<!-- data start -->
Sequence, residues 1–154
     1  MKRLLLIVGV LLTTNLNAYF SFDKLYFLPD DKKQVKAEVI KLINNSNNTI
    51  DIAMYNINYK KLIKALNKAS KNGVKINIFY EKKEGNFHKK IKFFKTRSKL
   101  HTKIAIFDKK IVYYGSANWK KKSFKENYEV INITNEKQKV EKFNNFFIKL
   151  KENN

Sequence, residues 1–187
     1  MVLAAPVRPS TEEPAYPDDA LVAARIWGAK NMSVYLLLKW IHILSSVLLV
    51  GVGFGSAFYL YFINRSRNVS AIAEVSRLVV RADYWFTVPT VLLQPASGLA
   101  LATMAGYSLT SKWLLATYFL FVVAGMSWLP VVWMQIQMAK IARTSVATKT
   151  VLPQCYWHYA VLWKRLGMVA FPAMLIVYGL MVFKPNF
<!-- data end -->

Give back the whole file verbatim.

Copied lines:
Sequence, residues 1–154
     1  MKRLLLIVGV LLTTNLNAYF SFDKLYFLPD DKKQVKAEVI KLINNSNNTI
    51  DIAMYNINYK KLIKALNKAS KNGVKINIFY EKKEGNFHKK IKFFKTRSKL
   101  HTKIAIFDKK IVYYGSANWK KKSFKENYEV INITNEKQKV EKFNNFFIKL
   151  KENN

Sequence, residues 1–187
     1  MVLAAPVRPS TEEPAYPDDA LVAARIWGAK NMSVYLLLKW IHILSSVLLV
    51  GVGFGSAFYL YFINRSRNVS AIAEVSRLVV RADYWFTVPT VLLQPASGLA
   101  LATMAGYSLT SKWLLATYFL FVVAGMSWLP VVWMQIQMAK IARTSVATKT
   151  VLPQCYWHYA VLWKRLGMVA FPAMLIVYGL MVFKPNF